NAO to investigate Ofcom 4G auction

NAO to investigate Ofcom 4G auction

The 4G auction in the UK, which was run by Ofcom, took many years to complete and it seems the controversy is not over yet, as the National Audit Office (NAO) is set to investigate the process.

Seven successful bidders spent a total of £2.3 billion on acquiring spectrum to launch their own 4G services in the UK, but this was £1.2 billion less than had been predicted by the Treasury.

Amyas Morse, the auditor general at the NAO, wrote in a letter to Labour MP Helen Goodman, which was seen by the Guardian, that he intends to conduct a "value-for-money study" of the Ofcom auction.

The investigation comes on the back of complaints from Ms Goodman, who claimed that comments from Ofcom chief executive Ed Richards, had indicated that the government had not tried to maximise revenue from the sale of the spectrum.

She said: "By not making maximising the auction's revenue an objective for Ofcom, the government has failed to get value for money on this project."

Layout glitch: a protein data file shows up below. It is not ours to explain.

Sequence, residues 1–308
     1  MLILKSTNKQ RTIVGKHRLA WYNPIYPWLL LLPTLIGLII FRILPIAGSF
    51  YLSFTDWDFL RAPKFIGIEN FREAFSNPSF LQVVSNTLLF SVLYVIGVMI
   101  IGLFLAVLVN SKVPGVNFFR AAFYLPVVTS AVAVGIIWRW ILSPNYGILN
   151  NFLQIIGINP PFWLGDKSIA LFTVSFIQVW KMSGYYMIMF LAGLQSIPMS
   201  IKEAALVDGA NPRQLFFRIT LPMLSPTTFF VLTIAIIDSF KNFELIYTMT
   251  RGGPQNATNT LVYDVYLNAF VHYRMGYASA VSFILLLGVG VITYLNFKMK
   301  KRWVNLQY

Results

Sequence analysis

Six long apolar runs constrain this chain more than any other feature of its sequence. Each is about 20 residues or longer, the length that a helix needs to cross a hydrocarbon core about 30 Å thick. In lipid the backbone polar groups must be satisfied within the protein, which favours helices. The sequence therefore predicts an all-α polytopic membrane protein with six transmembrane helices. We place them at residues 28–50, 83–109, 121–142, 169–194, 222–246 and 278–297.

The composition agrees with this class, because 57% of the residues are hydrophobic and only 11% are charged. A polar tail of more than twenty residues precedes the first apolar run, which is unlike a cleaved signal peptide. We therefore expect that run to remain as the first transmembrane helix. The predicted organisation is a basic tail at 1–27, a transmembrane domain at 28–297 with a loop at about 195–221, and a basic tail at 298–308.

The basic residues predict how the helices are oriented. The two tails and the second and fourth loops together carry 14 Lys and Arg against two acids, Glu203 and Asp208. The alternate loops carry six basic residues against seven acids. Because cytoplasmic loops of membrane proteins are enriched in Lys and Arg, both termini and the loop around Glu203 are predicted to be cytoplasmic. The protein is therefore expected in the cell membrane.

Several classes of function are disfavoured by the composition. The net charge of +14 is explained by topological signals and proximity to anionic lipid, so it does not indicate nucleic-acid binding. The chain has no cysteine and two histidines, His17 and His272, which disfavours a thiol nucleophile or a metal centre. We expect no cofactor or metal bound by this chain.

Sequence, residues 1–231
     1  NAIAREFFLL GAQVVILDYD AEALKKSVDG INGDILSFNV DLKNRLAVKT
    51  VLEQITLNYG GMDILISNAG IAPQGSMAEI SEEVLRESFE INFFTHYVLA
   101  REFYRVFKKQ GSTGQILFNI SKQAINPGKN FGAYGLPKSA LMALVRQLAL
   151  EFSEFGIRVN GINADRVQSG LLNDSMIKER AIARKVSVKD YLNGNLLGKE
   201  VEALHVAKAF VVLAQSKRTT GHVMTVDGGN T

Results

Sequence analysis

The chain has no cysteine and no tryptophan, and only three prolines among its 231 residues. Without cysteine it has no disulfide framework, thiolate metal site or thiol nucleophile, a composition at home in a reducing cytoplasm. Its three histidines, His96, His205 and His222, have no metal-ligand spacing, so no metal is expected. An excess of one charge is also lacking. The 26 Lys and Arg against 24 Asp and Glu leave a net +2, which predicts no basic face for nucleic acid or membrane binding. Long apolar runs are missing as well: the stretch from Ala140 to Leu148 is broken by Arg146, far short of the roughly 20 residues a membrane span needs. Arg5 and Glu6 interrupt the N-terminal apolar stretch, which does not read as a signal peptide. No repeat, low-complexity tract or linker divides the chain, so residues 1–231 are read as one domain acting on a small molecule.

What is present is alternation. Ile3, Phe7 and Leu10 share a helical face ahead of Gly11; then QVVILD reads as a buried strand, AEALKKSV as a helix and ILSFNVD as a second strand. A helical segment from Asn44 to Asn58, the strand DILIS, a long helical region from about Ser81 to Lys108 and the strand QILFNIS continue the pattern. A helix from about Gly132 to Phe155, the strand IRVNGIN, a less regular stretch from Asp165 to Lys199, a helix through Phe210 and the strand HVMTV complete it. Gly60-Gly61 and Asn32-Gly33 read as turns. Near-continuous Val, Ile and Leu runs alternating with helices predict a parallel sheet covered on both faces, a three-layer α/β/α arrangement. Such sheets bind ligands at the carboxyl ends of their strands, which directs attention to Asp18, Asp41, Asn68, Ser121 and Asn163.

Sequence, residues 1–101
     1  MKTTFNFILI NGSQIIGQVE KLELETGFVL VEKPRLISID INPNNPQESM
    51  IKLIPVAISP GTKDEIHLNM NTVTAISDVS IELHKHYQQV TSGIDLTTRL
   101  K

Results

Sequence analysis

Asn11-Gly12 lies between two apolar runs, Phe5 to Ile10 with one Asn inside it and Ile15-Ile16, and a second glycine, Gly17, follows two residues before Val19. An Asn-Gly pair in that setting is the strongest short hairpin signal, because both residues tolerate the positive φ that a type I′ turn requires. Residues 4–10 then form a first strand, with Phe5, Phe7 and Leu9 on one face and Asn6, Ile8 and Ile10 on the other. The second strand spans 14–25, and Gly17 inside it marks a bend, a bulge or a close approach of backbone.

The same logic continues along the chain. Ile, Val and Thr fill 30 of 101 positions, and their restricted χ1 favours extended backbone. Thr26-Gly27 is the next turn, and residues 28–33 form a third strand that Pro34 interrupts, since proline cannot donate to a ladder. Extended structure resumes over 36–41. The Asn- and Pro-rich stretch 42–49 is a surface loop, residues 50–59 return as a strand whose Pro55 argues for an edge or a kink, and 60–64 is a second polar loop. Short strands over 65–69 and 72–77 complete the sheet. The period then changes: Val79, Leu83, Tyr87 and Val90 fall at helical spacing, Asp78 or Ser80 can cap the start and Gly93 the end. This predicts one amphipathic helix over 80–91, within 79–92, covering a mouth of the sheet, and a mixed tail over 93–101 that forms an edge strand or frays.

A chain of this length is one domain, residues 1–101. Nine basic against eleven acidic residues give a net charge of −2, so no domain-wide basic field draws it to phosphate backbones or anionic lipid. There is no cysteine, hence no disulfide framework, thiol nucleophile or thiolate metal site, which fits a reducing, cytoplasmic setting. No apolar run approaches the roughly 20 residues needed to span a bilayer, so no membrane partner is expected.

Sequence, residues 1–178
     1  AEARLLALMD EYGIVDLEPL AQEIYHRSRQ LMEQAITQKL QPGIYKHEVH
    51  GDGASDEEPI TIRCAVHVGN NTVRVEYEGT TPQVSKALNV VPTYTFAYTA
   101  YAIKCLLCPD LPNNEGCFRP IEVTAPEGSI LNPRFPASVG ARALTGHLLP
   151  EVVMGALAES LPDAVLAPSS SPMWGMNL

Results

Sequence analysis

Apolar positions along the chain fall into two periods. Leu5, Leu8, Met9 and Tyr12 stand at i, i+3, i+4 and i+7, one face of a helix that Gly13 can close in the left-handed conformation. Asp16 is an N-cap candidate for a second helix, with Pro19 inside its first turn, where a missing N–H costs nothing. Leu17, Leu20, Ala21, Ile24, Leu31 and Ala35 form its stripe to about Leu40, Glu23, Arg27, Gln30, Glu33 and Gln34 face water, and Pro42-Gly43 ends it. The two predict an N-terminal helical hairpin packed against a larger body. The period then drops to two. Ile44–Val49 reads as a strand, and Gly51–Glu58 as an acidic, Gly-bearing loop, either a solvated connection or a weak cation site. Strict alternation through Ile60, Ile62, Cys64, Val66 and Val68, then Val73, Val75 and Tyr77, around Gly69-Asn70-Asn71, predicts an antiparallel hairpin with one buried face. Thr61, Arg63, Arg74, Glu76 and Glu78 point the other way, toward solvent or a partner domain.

Ms Goodman told The Guardian that she welcomed the investigation into the 4G auction and the reduced revenue it brought in.

"It is entirely right that the National Audit Office has launched this investigation. Serious questions must be answered as to why the Conservative-led government ended up £1 billion short of the estimate George Osborne had provided just months earlier. When the 3G auction took place, Labour ensured that maximising revenue was an objective. The Conservative-led government did not do the same for the 4G auction, which I believe was a serious mistake."

Vodafone was one of the winners in the bidding war and secured the airwaves needed to launch a 4G service to its customers, including business users, which will make mobile working even more efficient and productive.

The company has launched 4G services around the world recently and has plans to do the same in the UK in the summer, in a bid to improve its services and cope with the demand for mobile data.